Taught by: Mrs Zabeena Riaz BA (Hons), Surrey; PGCE.
We are living in a society where visual information plays an increasingly important role. Students should have sufficient knowledge to allow them to understand the effect an image or images can have on them, and on the world around them. They should be equipped with the language and analytical skills to be able to deconstruct the image, and explain how and why it was produced, and how and why it has the effect it does.
In addition to this, making activities are a source of pleasure and can be a powerful method of expression and communication, leading to greater self-awareness and enhanced personal development. Pupils should be given the opportunity and skills with which to express themselves using visual language and to be creative and imaginative within the limitations of Islamic teachings. This does not mean that they are restricted or their creativity stifled, but that they have the chance to enhance their knowledge and use of Western Art with the rich legacy of Islamic Art through the ages.
Aims & Objectives
The art department aims to
• Enable pupils to become visually literate: to use and understand art as a form of visual and tactile communication and to have confidence and competence in reading, evaluating and using visual images and artefacts in historical and contemporary formats.
• Give pupils the knowledge and confidence to identify, critically assess and use the work of other artists, designers and craftsmen from their own and other cultural traditions in art history.
• Develop particular creative and technical skills so that ideas may be realised and artefacts produced.
• Develop pupils’ aesthetic sensibilities and enable them to make informed judgements about art.
• Develop pupils design capability.
• Develop capacity for imaginative and original thought and experimentation.
• Give students the opportunity to explore and celebrate the diverse and rich cultural heritage they share
In keeping with the Islamic ethos of the school, all units of work set at Key Stage three are based on non-figurative work. At Key Stage four students are encouraged to produce more independent work and Art work moves towards becoming a form of self-expression. Students are given the opportunity to study using Western Art as a basis for inspiration and the National Curriculum is followed. Islamic Art is studied as part of the Art curriculum and in cross-curricular collaborations with the Islamic Studies and Islamic History departments.
Art is compulsory in Years 7, 8 and 9 It becomes an optional subject at Year 10, when students can choose to take Fine Art GCSE.
Drawing provides the foundation for all Art activities, so the main focus of lessons at the start of each unit of work at all levels is observational drawing. The Art Department is well equipped and a variety of skills, techniques and processes are covered through the years. These include painting and drawing in a variety of media, printmaking, 3-dimensional work, ceramics, photography and animation.
The school is situated close to central London and travel to national galleries and museums is very easy. Art trips have taken place to the Wallace Collection, the British Museum, the Victoria and Albert Museum, the Tate Modern and Tate Britain. In the immediate local environment, Queen’s Park is a short walking distance away and provides a rich resource for drawing from nature.
Key Stage 3
At Key Stage 3, the Art Curriculum is built up of termly units of work that are structured and which follow a theme. There is flexibility in the artists, craftspeople and designers that are studied as well as in the subject matter of each unit; however the same basic principles are applied to each. Each unit consists of a starting point that is a theme or idea; followed by observational study; then the work of an artist or type of art is looked at; then the observational material produced is developed through the same process as the chosen artist and finally a finished outcome is produced that is the product of the unit. This year the themes are:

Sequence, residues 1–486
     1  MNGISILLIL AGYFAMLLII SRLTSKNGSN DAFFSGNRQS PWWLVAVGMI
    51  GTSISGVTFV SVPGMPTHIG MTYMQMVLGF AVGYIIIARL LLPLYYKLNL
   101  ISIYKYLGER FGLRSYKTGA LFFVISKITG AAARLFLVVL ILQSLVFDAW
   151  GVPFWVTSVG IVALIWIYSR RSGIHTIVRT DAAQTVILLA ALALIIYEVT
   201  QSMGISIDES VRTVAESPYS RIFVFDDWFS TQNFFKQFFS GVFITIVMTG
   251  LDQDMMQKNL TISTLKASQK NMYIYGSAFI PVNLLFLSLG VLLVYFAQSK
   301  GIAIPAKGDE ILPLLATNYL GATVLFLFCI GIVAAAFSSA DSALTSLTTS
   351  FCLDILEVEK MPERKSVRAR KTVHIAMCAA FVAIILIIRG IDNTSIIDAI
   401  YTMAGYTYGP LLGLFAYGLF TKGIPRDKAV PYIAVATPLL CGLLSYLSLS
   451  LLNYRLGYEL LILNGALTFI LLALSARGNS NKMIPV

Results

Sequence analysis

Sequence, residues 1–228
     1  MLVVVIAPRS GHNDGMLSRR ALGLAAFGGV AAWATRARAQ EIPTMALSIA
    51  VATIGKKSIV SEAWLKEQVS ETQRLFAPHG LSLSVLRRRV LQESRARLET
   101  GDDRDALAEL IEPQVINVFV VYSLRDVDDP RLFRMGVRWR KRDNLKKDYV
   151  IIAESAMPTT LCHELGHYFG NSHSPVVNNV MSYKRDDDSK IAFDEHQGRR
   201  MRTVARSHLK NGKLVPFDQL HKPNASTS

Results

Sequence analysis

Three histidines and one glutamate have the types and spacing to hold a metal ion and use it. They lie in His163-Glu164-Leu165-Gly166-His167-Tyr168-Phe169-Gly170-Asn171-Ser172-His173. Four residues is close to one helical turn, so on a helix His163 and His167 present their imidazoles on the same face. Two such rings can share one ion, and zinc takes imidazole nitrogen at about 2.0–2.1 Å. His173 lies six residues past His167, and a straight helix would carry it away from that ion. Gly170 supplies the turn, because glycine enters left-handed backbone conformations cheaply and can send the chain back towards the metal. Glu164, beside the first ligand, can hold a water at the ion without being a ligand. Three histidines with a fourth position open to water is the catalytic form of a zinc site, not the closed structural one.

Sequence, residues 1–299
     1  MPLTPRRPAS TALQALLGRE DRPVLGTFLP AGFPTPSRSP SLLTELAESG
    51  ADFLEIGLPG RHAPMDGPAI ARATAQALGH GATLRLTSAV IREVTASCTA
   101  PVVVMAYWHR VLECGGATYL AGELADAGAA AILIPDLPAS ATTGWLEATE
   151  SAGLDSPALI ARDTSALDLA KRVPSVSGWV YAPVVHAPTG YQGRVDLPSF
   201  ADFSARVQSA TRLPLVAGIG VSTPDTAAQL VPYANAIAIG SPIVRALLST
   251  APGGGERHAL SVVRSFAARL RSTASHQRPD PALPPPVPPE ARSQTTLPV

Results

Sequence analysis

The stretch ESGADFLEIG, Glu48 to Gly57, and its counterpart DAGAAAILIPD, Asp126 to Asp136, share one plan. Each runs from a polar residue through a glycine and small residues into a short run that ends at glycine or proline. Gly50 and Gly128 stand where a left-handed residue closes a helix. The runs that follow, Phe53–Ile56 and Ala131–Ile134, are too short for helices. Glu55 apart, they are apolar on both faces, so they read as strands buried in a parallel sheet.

Year 7: Islamic Art- ceramic tiles; Self-Image; Indian Pattern
Year 8: Islamic Art- watercolour flowers and ceramic tiles; Still life; Environmental Art
Year 9: Animating Art; War and Conflict; Still Life
Key Stage 4
At Islamia Art GCSE follows the Fine Art unit of the Edexcel examinations board. As it is an option at GCSE, group sizes are relatively small so that there is flexibility in allowing students to follow individual themes towards the end of the course. At the start of Year 10, students are building up basic painting and drawing skills whilst following their first unit of work which is usually entitled ‘Still Life’. Following this they choose a self-determined theme on which to build their ’Personal Portfolio’. Units at Key Stage 4 are structured in the same way as at Key Stage 3, with observational material and the study of other artists, craftspeople and designers, followed by development towards a final outcome. At the end of the course, there is an ‘Externally Set Assignment’ which is a theme from which to produce a unit of work set by the examinations board. Both the ‘Personal Portfolio’ and the ‘Externally Set Assignment’ are internally assessed and then externally moderated by the board at the end of the course.
Preparation for the Future
The department has worked in conjunction with other departments in the school and cross-curricular activities and schemes of work have been very successful in the past. The department looks forward to building on these and diversifying links in the future. There are links with History in Year 7, with a trip to Hampton Court Palace and workshop activities relating to both subjects.
This year, the Year 10 students submitted work towards an Inter-faith Art competition run by the Interfaith Centre on Salusbury Road. This was a positive experience for all involved and one that we hope to repeat in the future.